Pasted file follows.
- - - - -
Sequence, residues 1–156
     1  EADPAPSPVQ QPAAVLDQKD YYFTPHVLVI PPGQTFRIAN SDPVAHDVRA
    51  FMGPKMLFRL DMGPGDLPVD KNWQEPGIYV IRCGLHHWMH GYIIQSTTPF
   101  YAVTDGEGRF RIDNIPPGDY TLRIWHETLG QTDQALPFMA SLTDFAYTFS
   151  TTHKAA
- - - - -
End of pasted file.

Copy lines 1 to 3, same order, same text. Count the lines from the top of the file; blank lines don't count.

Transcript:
Sequence, residues 1–156
     1  EADPAPSPVQ QPAAVLDQKD YYFTPHVLVI PPGQTFRIAN SDPVAHDVRA
    51  FMGPKMLFRL DMGPGDLPVD KNWQEPGIYV IRCGLHHWMH GYIIQSTTPF